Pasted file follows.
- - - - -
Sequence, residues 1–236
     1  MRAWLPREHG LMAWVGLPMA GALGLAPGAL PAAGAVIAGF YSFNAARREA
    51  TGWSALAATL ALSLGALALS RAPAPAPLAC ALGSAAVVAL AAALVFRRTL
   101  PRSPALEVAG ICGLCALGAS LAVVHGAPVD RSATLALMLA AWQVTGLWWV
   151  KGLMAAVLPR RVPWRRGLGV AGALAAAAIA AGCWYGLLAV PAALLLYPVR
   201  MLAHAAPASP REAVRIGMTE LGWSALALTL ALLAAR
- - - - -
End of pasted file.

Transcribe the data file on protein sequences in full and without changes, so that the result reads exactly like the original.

Sequence, residues 1–236
     1  MRAWLPREHG LMAWVGLPMA GALGLAPGAL PAAGAVIAGF YSFNAARREA
    51  TGWSALAATL ALSLGALALS RAPAPAPLAC ALGSAAVVAL AAALVFRRTL
   101  PRSPALEVAG ICGLCALGAS LAVVHGAPVD RSATLALMLA AWQVTGLWWV
   151  KGLMAAVLPR RVPWRRGLGV AGALAAAAIA AGCWYGLLAV PAALLLYPVR
   201  MLAHAAPASP REAVRIGMTE LGWSALALTL ALLAAR